On May 11, 2016, President Obama signed into law the Defending Trade Secrets Act of 2016 (the Act). The Act amends the Economic Espionage Act of 1996 to create a federal private right of action for the misappropriation of trade secrets.
The Act offers to all companies with trade secrets new tools to protect against their misappropriation in interstate commerce as well as foreign commerce. Trade secret owners can use the Act in defending against both domestic and foreign threats.
While companies with valuable technology are likely to benefit the most from the Act, franchisors more generally will also benefit. The definition of “trade secret” in the Act [18 USC § 1839(3)] is not restricted to technology:
the term “trade secret” means all forms and types of financial, business, scientific, technical, economic, or engineering information, including patterns, plans, compilations, program devices, formulas, designs, prototypes, methods, techniques, processes, procedures, programs, or codes, whether tangible or intangible, and whether or how stored, compiled, or memorialized physically, electronically, graphically, photographically, or in writing if—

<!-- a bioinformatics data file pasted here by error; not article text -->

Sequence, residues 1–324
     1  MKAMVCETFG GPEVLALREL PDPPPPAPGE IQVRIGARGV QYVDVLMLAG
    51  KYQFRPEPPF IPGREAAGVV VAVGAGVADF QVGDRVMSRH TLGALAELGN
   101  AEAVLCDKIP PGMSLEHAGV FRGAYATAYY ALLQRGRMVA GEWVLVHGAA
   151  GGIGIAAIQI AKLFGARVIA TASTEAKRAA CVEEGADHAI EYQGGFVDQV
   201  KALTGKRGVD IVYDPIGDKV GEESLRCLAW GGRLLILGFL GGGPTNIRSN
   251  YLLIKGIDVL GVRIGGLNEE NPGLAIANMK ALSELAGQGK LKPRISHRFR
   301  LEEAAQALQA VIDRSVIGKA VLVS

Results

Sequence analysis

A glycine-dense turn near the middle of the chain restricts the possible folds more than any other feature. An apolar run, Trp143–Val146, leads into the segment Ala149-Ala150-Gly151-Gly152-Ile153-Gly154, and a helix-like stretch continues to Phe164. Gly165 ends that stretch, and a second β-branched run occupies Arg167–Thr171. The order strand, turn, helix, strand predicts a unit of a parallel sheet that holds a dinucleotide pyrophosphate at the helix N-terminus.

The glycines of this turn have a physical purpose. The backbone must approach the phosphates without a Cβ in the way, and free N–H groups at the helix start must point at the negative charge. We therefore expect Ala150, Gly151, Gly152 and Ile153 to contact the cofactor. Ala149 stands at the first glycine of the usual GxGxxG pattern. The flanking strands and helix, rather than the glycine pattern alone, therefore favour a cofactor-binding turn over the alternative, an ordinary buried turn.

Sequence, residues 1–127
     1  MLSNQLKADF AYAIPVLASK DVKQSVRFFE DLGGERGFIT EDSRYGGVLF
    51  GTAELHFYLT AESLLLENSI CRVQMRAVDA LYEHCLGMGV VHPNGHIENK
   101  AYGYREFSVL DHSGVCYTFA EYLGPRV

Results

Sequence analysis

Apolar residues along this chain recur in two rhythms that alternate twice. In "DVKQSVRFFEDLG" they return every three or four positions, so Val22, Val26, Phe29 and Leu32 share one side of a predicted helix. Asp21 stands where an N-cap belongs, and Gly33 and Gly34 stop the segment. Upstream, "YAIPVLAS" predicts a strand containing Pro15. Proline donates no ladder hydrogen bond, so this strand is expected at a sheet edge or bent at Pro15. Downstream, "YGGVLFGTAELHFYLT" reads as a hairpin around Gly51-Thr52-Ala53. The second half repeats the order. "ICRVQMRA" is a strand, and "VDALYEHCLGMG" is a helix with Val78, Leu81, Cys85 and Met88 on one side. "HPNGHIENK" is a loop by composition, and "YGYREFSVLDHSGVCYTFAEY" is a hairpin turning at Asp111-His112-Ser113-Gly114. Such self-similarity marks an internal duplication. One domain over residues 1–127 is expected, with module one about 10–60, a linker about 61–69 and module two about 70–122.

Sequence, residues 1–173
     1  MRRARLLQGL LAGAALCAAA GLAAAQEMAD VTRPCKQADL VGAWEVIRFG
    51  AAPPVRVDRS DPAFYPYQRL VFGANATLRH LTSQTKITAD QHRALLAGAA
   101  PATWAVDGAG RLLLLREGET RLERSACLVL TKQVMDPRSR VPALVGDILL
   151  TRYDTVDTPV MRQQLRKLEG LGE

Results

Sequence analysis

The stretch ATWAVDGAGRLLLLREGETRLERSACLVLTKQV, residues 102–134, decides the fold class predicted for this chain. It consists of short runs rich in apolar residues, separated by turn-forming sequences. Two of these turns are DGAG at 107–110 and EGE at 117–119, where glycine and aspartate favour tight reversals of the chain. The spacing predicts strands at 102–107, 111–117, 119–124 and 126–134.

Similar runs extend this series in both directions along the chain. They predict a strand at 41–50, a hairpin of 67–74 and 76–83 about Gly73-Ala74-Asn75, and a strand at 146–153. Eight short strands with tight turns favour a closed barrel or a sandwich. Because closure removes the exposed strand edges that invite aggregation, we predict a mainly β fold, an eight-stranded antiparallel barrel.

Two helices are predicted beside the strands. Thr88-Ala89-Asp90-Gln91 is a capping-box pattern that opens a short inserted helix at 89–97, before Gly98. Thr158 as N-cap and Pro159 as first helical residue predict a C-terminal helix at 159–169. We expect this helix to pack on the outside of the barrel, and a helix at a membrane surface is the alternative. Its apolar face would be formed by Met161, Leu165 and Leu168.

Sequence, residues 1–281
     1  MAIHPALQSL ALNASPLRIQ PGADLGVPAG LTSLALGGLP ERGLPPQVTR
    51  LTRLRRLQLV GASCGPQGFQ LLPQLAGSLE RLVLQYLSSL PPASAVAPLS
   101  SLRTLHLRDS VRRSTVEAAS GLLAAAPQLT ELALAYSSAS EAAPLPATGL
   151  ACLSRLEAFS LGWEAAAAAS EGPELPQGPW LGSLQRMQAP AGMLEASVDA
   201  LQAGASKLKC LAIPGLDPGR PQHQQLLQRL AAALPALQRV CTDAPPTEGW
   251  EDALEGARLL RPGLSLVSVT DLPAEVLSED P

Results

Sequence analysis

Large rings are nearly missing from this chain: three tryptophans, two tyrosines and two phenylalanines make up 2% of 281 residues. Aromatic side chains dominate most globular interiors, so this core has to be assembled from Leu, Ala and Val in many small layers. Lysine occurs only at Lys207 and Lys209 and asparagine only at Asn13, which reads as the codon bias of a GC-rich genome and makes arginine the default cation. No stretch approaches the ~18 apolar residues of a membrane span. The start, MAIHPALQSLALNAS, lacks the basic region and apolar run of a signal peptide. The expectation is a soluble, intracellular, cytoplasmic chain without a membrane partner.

(A) the owner thereof has taken reasonable measures to keep such information secret; and
(B) the information derives independent economic value, actual or potential, from not being generally known to, and not being readily ascertainable through proper means by, another person who can obtain economic value from the disclosure or use of the information;
Virtually every franchisor claims that it has trade secrets. Franchise agreements typically contain a confidentiality section that prohibits franchisees from revealing such things as:
- the contents of the operational manual
- the content of the franchisor’s training and assistance
- sales and marketing techniques
- customer lists
- advertising and marketing plans
- research and development for products, services and operations